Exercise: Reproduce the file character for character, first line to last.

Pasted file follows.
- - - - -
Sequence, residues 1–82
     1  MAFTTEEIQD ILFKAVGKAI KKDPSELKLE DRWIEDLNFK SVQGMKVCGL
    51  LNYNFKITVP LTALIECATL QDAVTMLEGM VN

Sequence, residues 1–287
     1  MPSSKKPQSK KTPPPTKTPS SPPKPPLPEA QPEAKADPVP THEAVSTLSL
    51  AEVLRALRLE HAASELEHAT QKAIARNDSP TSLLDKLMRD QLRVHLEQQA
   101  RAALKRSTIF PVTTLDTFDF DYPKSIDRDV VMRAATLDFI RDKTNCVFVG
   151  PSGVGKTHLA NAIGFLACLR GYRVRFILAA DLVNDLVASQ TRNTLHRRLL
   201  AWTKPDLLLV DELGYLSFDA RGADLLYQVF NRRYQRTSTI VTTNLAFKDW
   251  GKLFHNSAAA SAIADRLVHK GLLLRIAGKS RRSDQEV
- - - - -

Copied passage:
Sequence, residues 1–82
     1  MAFTTEEIQD ILFKAVGKAI KKDPSELKLE DRWIEDLNFK SVQGMKVCGL
    51  LNYNFKITVP LTALIECATL QDAVTMLEGM VN

Sequence, residues 1–287
     1  MPSSKKPQSK KTPPPTKTPS SPPKPPLPEA QPEAKADPVP THEAVSTLSL
    51  AEVLRALRLE HAASELEHAT QKAIARNDSP TSLLDKLMRD QLRVHLEQQA
   101  RAALKRSTIF PVTTLDTFDF DYPKSIDRDV VMRAATLDFI RDKTNCVFVG
   151  PSGVGKTHLA NAIGFLACLR GYRVRFILAA DLVNDLVASQ TRNTLHRRLL
   201  AWTKPDLLLV DELGYLSFDA RGADLLYQVF NRRYQRTSTI VTTNLAFKDW
   251  GKLFHNSAAA SAIADRLVHK GLLLRIAGKS RRSDQEV